Education, End-of-Life, Grief/Grieving/Bereavement, Humanity, Social Work/Helping Profession/Mental Health

Hmmm…Convos on Death?

An article I came across on LinkedIn today by a colleague whom I know through LinkedIn is titled:

What we can learn from death rites of the past will help us treat the dead and grieving better today

 

“This taboo around death is a fairly modern, Western phenomenon. Past and present, societies have dealt with death and dying in diverse ways. It is clear from, for example, the outpouring of grief at Princess Diana’s death, and the conversations opening up around the 20th anniversary of the event, that these outlets are needed in our society too. High-profile celebrity deaths serve as sporadic catalysts for conversations that should be happening every day, in everyday lives.”

There is a group of individuals around the world trying to change this taboo and make death part of life again, meaning discussions and planning need to occur! I am one of these individuals; there are many more of us.

Why the fear? What changed over the past 100 years? Death happened at home in the past. The funeral and wake took place in the home and the whole community attended and assisted with the burial.

Then WWII happened and all changed. Too much death maybe? Too much destruction? More wars followed after….and still death is taboo today. Slowly this is changing….more of us are being vocal about the need for change, for discussions, but we are also the younger generation meaning baby boomers and younger.

Funerals are expensive! Burials are expensive! The average person needs 10-20k to die if using traditional funeral homes and doing a traditional burial. That is a lot of money and many do not have it. I do not have it. I opt for a more green burial and less expensive one as I am sure many others do or will as well.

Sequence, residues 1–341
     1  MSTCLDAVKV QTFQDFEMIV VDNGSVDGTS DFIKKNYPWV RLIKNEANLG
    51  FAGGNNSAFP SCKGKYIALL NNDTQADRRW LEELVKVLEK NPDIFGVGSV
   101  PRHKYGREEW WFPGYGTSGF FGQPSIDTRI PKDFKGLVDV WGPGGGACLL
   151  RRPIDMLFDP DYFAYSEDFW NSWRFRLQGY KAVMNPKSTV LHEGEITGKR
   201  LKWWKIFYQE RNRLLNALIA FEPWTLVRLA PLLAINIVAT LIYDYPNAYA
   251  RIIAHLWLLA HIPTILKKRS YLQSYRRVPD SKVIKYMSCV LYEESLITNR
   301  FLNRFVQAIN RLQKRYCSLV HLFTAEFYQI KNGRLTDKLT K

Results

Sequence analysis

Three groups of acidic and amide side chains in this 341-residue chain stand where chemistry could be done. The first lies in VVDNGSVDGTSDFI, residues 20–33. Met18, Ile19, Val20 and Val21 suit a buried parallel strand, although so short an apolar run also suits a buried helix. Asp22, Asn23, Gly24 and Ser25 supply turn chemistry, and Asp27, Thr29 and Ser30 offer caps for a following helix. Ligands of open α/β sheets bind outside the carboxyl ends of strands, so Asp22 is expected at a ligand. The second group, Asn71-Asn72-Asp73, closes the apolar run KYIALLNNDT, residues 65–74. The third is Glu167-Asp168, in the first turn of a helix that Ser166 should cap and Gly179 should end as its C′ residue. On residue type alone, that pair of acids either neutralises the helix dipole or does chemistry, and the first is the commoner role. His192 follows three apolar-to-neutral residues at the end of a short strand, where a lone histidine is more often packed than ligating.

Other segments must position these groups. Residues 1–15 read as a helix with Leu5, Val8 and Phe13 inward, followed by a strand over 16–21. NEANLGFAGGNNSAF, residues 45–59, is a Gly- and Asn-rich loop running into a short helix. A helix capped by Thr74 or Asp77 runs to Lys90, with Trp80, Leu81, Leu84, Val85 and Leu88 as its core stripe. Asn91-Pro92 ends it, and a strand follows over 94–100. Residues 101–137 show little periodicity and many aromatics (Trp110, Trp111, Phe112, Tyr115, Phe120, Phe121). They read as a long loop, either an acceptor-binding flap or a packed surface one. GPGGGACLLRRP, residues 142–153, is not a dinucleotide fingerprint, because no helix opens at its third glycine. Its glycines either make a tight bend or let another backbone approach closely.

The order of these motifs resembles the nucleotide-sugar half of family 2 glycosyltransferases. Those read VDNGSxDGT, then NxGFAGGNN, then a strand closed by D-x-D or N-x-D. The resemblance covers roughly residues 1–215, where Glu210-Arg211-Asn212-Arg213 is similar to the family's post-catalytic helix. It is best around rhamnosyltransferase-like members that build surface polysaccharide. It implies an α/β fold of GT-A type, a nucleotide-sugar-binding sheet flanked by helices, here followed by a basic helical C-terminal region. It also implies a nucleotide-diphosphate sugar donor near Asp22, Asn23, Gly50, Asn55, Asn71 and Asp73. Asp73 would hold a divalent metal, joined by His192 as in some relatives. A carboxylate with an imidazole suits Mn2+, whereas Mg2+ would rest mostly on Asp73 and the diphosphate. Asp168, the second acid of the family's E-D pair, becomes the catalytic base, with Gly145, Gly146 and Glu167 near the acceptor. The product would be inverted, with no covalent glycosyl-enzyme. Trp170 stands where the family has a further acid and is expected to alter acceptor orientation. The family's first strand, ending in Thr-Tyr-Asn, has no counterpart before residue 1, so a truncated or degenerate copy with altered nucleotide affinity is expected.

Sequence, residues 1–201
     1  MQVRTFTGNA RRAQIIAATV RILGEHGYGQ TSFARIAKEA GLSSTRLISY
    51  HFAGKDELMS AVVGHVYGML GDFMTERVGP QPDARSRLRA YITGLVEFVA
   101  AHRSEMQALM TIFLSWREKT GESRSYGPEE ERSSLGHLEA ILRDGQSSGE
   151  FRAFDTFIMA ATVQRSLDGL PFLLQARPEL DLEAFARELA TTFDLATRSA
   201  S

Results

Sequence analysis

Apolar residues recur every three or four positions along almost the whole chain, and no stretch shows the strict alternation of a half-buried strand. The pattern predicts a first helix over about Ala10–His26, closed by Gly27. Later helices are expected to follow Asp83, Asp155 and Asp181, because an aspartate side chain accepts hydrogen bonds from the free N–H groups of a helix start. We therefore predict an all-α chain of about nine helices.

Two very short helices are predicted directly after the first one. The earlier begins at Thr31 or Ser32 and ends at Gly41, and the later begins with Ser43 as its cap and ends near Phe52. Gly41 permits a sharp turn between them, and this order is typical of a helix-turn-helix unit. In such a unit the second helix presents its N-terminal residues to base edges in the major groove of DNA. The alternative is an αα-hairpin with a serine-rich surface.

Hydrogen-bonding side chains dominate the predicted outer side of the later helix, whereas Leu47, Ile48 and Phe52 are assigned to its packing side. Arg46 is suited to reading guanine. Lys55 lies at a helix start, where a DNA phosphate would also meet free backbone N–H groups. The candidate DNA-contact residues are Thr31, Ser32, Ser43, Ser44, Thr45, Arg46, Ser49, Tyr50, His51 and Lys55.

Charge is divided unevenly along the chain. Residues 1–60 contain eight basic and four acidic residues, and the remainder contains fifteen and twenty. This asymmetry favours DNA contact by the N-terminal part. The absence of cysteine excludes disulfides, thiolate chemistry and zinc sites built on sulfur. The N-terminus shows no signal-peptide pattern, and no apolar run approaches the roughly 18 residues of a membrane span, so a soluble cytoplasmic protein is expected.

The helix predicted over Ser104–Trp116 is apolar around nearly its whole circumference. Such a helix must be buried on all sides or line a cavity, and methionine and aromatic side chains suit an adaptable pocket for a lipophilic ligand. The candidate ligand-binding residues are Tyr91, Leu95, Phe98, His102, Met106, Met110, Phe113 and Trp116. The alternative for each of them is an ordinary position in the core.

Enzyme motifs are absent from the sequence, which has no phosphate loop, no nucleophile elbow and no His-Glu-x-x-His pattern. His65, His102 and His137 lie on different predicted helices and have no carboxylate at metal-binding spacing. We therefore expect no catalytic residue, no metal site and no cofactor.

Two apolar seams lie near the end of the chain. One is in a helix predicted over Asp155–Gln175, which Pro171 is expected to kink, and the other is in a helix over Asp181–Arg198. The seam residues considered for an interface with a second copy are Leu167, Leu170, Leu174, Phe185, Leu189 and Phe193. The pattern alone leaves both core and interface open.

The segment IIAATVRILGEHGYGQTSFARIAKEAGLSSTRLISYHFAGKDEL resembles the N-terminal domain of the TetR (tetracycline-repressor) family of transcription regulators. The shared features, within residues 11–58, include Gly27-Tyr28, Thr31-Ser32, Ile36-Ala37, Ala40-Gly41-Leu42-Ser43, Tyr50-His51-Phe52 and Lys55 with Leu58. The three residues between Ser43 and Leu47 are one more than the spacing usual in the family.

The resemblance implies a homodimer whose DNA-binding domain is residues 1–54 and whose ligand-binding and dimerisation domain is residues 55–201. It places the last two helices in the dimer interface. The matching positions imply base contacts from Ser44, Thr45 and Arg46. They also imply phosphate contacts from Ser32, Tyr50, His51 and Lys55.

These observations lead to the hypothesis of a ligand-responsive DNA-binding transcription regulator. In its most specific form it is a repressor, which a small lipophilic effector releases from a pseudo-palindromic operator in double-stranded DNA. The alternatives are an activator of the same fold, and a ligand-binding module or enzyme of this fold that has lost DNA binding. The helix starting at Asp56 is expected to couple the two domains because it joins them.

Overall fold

“It was not so long ago in the UK that public outpouring of grief and practices that kept the dead close were acceptable. For example, in Victorian England, mourning clothes and jewelry were commonplace – Queen Victoria wore black for decades in mourning for Prince Albert.”

Today, death has been outsourced to professionals and, for many, dying happens in hospitals. But many doctors and nurses themselves feel uncomfortable with broaching the subject with relatives. Why is this? Are they not receiving training while in school? Why no training or discussions in the work place?

To work in a hospital, hospice or palliative care unit, to work with older adults…one must realize that patients and clients will die. Heck, we are all going to die one day! Accept this fact, stop trying to look younger and live longer with unnecessary tests, medications, and treatments if there is no hope, no proof it will help.

Instead, spend time with loved ones, enjoy life, and make the most of the time we have left…

Aging/Gerontology, Health Conditions/Diseases, Healthcare, Humanity, News, Social Work/Helping Profession/Mental Health